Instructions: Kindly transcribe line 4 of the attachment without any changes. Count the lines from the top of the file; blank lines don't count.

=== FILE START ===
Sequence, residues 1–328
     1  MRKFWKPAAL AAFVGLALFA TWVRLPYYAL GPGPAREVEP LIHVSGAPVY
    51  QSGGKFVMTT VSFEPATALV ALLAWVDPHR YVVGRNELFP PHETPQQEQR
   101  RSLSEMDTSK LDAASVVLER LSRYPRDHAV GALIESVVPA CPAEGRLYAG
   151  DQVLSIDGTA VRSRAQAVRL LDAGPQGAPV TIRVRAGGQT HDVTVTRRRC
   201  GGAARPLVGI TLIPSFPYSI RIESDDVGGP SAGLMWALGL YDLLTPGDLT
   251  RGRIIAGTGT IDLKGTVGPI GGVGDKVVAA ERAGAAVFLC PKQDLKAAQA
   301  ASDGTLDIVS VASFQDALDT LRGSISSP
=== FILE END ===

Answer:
   101  RSLSEMDTSK LDAASVVLER LSRYPRDHAV GALIESVVPA CPAEGRLYAG